Monday, January 14, 2013

aditya hrdayam (heart of the sun) in the house of light

First Kirtan at James' Saraswathipuram home and teaching space,
which vibrates with so much bhakti.
Tomorrow, I'll be singing to the sun--easily part of a typical day here in Mysore, where yoga practice takes all sorts of shapes outside the primary series. Part of what I love about being here is how some oddball yoga-related activities, which seem totally strange outside any yoga-context, seems totally pedestrian.

Classes resume at what I like to call the "house of light," James Boag's residence and teaching space. Tomorrow, Tuesday, January 15, James starts a series of lectures and chanting classes having to do with the Ramayana, particularly the Aditya Hrdayam, a hymn given to Rama, the hero of the Ramayana, to vanquish the 10-headed demon Ravana.

The Aditya Hrdayam has figured somewhat prominently in my life since my first trip to Mysore, over 2 years ago, starting when Lakshmish introduced the chant during the new compulsory chanting classes. Without understanding a word of it, I resonated with the sound of it immediately. My friend Momo was chanting it in his borrowed Mysore home, where I noticed his copy of Guruji's book on Surya Namaskara. I bought my own copy immediately.

The heart of the sun continued to come into my life in varied forms. There was a beautiful animated live storytelling of the Ramayana and a modernized retelling by Ramesh Menon (a great read! He makes the epic so lively!). The way James chanted the hymn sank deep into my memory. I had last-song syndrome of a very different kind. On mornings, when I had time, I would recite it on my own, occasionally sharing it at the start of classes.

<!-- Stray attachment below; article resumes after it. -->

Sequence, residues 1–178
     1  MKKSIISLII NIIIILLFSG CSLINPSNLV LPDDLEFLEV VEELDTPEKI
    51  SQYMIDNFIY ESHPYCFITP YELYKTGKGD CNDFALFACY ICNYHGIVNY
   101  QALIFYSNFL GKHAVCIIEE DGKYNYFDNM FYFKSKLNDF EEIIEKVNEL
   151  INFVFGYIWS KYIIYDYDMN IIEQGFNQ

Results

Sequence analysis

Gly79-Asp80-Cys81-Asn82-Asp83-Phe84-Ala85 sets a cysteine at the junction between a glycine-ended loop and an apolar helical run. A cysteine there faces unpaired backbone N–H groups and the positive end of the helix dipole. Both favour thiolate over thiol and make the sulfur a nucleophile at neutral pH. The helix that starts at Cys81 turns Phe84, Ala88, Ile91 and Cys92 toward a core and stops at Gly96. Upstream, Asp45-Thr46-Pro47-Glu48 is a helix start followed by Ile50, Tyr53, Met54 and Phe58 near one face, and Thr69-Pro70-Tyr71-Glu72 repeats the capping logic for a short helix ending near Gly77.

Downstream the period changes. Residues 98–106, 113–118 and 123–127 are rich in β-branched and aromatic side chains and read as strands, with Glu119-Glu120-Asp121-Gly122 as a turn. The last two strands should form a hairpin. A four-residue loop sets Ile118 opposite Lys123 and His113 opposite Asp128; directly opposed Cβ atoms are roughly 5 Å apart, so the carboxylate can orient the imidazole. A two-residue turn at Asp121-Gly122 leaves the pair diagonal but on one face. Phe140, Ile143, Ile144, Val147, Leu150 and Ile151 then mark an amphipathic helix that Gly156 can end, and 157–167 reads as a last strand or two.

And over that time, the heart of the sun was shining its rays on my own life, blasting away darkness, helping me to see things clearly. There has been so much change over the last two years, some serious upheavals, as well as some amazing opportunities.

Though, this will be the first time for me to properly study it, I feel like it has done its job just the way ashtanga works as a practice. Without knowing much about its particulars, I simply embraced the chant, I surrendered to its magic, I let it do its work. Energetically, I feel the benefits of it, how it vibrates when I sing it, how its lessons have somehow been absorbed into my person.

Now, however, time has come to go deeper, to develop a deeper understanding of the text and what it means to my own life.

Between now and end of March, James teaches Tuesdays and Thursdays, 10:30-12:30. The Aditya Classes will then be followed by classes on the Bhagavad Gita, chapters 4, 5 and 6. More details and directions to the house of light can be found on

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